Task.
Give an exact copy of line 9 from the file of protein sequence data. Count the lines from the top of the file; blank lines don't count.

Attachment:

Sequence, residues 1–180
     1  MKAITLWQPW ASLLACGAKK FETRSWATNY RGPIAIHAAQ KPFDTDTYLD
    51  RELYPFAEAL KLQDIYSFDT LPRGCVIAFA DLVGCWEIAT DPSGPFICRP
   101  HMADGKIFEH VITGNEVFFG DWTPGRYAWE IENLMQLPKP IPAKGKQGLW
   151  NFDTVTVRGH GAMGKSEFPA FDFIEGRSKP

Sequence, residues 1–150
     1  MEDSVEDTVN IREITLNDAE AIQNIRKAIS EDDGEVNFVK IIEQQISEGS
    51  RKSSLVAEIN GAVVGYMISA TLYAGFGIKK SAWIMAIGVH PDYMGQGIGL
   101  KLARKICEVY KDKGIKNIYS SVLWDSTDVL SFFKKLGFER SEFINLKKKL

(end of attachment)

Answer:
   101  KLARKICEVY KDKGIKNIYS SVLWDSTDVL SFFKKLGFER SEFINLKKKL